Jefferies, 38, and his fellow volunteers spent the sweltering month of August rebuilding houses in places where the infrastructure includes no electricity or running water. 'I'm not naive'I know we're living in the richest country and that when you travel in the Third World you're usually in this sort of bubble,' he says. 'But when you live and work and eat with the people, you realize how people are really living. We consume way too much as a culture and a society.'

Next, Jefferies plans to draw even more volunteers from his 10,000-strong membership to build houses for Hurricane Katrina survivors. 'It's affected my life forever,' he says. 'I'm so much more grateful for what I have, and I'm not going to take for granted the endless possibilities to better your life and the life of people around you.' Chelsey Johnson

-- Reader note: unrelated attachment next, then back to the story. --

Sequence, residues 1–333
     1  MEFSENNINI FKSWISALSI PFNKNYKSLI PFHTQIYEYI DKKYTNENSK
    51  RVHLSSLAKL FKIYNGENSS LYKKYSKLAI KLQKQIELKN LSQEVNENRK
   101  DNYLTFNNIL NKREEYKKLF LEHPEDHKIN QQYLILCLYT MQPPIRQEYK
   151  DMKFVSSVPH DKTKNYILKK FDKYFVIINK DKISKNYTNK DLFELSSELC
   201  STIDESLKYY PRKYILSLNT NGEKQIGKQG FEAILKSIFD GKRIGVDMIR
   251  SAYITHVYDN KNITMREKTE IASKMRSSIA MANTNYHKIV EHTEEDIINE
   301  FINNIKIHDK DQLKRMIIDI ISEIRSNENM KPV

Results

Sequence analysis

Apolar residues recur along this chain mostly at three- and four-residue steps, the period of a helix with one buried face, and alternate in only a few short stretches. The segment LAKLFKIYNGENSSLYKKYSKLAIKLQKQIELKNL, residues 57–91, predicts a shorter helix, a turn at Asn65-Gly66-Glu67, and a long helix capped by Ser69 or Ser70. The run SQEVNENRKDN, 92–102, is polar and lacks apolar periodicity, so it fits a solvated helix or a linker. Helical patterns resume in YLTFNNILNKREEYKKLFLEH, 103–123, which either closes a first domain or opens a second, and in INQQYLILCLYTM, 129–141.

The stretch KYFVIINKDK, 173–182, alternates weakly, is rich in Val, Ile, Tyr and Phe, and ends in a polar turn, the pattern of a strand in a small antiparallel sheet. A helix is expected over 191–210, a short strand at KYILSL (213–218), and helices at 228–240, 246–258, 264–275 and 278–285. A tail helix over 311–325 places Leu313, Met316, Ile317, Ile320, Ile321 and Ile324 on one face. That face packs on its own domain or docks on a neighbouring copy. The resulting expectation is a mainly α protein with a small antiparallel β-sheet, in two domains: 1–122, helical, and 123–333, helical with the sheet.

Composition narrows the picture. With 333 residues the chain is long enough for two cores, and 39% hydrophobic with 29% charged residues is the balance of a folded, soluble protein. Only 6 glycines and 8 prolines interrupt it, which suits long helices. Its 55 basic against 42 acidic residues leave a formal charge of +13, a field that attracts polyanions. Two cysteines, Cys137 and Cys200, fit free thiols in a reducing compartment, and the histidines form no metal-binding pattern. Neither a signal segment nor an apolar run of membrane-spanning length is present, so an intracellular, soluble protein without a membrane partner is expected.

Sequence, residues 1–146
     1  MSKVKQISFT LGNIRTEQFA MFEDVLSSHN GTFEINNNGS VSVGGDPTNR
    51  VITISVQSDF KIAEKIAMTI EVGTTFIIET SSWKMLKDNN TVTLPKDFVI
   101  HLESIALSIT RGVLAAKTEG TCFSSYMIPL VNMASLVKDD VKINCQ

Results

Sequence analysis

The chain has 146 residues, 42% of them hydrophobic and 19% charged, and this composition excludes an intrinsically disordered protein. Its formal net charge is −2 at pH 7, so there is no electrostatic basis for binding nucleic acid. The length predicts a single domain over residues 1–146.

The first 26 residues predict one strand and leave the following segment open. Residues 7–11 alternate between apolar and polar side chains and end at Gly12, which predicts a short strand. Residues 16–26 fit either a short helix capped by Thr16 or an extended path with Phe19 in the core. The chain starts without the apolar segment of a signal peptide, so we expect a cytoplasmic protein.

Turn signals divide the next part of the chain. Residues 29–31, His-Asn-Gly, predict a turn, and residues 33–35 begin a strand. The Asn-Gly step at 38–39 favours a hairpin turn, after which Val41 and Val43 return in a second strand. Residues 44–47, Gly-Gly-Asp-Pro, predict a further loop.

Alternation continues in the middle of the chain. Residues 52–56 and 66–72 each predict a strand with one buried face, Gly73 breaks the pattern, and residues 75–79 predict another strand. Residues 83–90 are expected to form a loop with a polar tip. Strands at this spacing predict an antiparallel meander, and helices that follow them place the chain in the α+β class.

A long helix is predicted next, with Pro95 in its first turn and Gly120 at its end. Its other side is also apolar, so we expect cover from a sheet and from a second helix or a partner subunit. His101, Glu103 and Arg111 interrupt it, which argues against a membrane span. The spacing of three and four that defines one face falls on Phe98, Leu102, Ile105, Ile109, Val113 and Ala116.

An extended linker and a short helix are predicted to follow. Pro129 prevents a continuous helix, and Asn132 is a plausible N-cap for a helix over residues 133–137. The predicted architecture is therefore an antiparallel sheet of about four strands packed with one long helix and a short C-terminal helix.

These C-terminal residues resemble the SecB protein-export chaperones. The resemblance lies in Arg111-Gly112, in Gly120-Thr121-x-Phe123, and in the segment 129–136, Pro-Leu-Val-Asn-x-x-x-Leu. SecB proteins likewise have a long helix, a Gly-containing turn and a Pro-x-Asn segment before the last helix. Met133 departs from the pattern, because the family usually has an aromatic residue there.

Marc Jacobs and Robert Duffy

The history of fashion is rich with tales of a designer and a business partner who together build a formidable fashion house from scratch, including Yves Saint Laurent and Pierre Berg', Calvin Klein and Barry Schwartz, and Giorgio Armani and Sergio Galeotti. Ever since Marc Jacobs and Robert Duffy met at Jacobs's senior-project fashion show at Parsons in 1984, the two have been a powerful pair professionally (not personally). Now, designer Jacobs and business-minded Duffy are the owners, along with LVMH Mo't Hennessy Louis Vuitton S.A., of the extremely influential Marc Jacobs label, and they are directors at Louis Vuitton, where Jacobs designs the clothes, shoes, and bags.